Iraq torture ‘worse after Saddam’

The BBC reports today that ‘the UN’s chief anti-torture expert’ Manfred Nowak believes torture may be worse now in Iraq than under former leader Saddam Hussein.

Nowak was speaking at a briefing on a new report by the human rights office of the UN Assistance Mission in Iraq.

Here’s the UNAMI press release:

Latest UNAMI Human Rights Report on Iraq calls for firm action to tackle old and new human rights violations in Iraq [9/20/2006]


Baghdad- 20 September 2006 — The UN Assistance Mission for Iraq (UNAMI) expressed concern that “human rights violations, particularly against the right to life and personal integrity, continued to occur at an alarming daily rate in Iraq.” In its latest human rights report for the months of July and August 2006 UNAMI affirms that number of civilians killed violently in the country were an unprecedented 3,590 in July and 3,009 in August. The report points that terrorist attacks, the growth of militias, the emergence of organized crime reflects a lack of centralized and authorized control over the use of force in the country, which results in indiscriminate killings of civilians. In this context, hundreds of bodies have continued to appear throughout the country bearing signs of severe torture and execution style killing. Displacement of population has also continued to grow and affected all Governorates.

The document also raises the alarm at increasing number of “honour crimes” affecting women in a disproportionately manner. “In their fight against generalized violence, central, regional and local authorities should provide greater protection to women from crimes committed within the family, including all types of violence against women and girls on the grounds of honour.” Torture remains a widespread problem in official detention centres while victims extra-judicially executed by death squads, insurgents and militias bear also signs of horrific torture. The report documents terrorist attacks aimed at inflicting death and injury to civilians and other attacks against minorities and religious pilgrims as well as professional categories such as journalists, lawyers and judges. “The inability of State institutions to bring perpetrators of human rights violations to justice and to provide adequate protection to ordinary citizens…risk polarizing Iraqi society to a previously unknown degree and result in a self-reinforcing pattern of sectarian confrontation.”

While progress has been reported in the transfer of detainees held by other authorities to the Ministry of Justice, the report raises concerns regarding an increase in the overall number of detainees, reversing an earlier trend. However, UNAMI states that “a growing perception of impunity for current and past crimes committed risks further eroding the rule of law.” For this reason, UNAMI also called for the full publication of the results of the Government inquiry into allegations of human rights violations committed in Al-Jadiriya detention centre in November 2005, and stated: “The publication of the Al-Jadiriya’s report, the establishment of a formal inquiry into this case and the prosecution of those found to be responsible for allegations of human rights violations, would serve the people and the Government of Iraq and provide a powerful signal that the country is firm in its commitment to establish a new system based on the respect of human rights and the rule of law.”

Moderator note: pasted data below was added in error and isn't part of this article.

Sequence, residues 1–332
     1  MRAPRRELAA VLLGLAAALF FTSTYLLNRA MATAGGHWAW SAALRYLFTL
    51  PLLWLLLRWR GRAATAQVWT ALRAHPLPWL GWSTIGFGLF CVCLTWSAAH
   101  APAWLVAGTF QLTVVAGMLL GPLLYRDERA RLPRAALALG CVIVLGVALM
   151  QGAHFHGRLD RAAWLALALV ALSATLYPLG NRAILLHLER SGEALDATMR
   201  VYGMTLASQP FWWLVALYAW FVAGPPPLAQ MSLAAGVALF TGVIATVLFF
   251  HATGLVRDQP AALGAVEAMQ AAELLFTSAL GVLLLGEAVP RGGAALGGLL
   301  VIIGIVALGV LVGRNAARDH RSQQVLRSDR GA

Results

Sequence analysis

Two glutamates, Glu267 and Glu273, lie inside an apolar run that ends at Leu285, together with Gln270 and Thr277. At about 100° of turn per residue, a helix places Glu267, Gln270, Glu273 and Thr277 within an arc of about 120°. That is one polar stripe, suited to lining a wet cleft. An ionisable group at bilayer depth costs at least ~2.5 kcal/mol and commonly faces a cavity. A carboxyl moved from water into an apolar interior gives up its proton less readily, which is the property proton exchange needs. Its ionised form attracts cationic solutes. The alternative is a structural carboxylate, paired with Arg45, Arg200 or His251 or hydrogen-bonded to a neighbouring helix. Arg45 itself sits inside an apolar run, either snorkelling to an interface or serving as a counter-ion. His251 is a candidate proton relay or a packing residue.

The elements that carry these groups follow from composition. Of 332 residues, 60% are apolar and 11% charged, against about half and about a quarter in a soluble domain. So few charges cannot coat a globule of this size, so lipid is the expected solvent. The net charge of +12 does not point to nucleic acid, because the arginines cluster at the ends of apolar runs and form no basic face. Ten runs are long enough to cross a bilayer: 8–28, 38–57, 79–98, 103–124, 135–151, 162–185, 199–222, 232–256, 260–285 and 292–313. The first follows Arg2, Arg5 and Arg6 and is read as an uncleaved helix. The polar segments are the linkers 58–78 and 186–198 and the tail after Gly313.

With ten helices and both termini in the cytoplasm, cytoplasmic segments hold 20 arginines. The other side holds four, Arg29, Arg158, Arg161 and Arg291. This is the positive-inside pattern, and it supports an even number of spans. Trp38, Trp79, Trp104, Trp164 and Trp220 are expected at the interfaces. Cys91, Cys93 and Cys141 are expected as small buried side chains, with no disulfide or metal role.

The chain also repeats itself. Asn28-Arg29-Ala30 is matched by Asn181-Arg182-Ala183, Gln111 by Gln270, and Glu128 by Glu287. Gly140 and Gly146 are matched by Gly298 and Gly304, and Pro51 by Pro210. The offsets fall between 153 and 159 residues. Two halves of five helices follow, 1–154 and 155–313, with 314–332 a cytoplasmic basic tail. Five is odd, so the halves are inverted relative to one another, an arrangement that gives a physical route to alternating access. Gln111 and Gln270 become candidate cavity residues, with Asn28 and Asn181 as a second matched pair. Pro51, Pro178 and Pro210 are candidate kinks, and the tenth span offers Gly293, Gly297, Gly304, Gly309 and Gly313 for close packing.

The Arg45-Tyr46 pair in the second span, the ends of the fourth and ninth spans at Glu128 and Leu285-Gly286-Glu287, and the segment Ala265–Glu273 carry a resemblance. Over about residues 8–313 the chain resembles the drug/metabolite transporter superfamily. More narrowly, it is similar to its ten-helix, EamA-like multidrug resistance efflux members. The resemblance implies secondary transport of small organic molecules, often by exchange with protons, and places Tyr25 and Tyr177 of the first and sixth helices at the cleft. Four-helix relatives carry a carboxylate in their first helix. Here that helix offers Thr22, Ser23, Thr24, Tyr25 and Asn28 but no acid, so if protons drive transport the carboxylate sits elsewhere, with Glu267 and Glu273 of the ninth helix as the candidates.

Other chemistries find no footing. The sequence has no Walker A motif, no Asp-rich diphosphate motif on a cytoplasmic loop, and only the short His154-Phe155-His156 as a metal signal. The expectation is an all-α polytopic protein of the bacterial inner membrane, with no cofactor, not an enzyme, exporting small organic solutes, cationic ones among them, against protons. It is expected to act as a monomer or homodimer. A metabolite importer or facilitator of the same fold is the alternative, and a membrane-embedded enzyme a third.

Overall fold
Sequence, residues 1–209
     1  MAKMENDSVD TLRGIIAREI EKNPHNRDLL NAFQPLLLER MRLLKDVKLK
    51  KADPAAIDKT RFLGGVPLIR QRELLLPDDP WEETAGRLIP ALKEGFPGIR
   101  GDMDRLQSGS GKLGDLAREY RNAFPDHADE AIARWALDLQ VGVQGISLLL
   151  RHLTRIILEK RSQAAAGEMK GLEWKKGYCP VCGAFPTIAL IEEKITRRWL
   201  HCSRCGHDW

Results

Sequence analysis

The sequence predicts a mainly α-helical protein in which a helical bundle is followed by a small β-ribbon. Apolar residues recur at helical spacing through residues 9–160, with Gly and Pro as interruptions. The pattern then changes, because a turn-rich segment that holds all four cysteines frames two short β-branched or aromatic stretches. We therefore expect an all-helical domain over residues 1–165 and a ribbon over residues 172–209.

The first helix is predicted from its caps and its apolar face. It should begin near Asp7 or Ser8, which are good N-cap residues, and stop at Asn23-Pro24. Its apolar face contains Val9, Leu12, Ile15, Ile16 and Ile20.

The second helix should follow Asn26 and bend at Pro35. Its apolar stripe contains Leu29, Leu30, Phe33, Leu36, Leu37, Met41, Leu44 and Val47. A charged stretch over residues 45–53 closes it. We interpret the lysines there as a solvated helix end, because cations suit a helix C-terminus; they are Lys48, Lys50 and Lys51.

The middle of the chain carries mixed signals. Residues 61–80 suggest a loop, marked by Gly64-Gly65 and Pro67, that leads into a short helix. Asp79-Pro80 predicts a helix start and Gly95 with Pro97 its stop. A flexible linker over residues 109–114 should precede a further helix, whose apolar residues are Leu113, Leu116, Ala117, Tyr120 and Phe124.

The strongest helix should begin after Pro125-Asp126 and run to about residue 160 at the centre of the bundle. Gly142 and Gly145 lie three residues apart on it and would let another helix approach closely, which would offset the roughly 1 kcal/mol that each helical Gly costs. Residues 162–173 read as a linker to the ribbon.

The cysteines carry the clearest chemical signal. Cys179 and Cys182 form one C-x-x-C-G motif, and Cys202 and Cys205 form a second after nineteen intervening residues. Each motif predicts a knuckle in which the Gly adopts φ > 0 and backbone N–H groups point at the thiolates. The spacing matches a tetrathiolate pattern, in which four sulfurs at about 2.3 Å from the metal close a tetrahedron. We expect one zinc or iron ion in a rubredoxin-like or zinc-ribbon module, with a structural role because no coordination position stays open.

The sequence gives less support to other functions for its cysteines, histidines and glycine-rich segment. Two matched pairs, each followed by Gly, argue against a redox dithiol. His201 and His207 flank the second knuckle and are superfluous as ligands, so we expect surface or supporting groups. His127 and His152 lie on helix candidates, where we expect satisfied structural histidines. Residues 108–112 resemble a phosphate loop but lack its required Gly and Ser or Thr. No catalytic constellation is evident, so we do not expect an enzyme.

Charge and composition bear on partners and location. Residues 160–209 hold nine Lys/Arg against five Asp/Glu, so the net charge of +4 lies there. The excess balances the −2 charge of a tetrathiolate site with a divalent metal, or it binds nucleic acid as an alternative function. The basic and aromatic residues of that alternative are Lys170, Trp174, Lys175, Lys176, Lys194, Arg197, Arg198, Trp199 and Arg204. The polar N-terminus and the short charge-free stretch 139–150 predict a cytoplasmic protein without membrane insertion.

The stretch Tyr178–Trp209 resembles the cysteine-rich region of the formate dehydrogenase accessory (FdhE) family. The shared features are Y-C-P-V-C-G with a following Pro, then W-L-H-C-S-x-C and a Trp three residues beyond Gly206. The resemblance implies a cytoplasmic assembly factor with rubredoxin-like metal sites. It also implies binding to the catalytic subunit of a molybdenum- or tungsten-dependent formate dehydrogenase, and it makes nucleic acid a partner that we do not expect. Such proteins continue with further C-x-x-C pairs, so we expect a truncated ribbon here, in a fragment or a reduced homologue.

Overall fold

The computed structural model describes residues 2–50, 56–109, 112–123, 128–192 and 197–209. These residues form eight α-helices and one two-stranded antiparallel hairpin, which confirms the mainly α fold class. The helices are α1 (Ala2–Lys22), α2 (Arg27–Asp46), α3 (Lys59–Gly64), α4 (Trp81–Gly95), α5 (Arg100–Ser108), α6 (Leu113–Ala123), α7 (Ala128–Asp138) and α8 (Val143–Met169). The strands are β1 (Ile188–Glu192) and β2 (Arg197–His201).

3 Responses to “Iraq torture ‘worse after Saddam’”

  1. Dan left comment:

    eep! At first I thought this was an overreaction, but then I realised he’s not talking so much about torture by the government or the military (foreign or Iraqi), but about sectarian violence.

  2. Dan left comment:

    Also, I just came across this in the most recent Secretary General’s report on Iraq:

    On 1 June 2006, a joint inspection of a prison site by representatives of the Iraqi Government and the Multinational Force found 1,431 detainees with signs of physical and psychological abuse. A total of 52 arrest warrants have been issued against officials of the Ministry of the Interior, but they have yet to be served.

  3. Dan left comment:

    We Brits have been keeping our end up as well. This is from The Times:

    “Corporal Donald Payne, who has admitted committing a war crime, used
    to ask total strangers who visited the detention facility in Basra
    whether they would like to hear the choir, and then proceeded to kick
    and punch the Iraqis until they moaned and screamed.”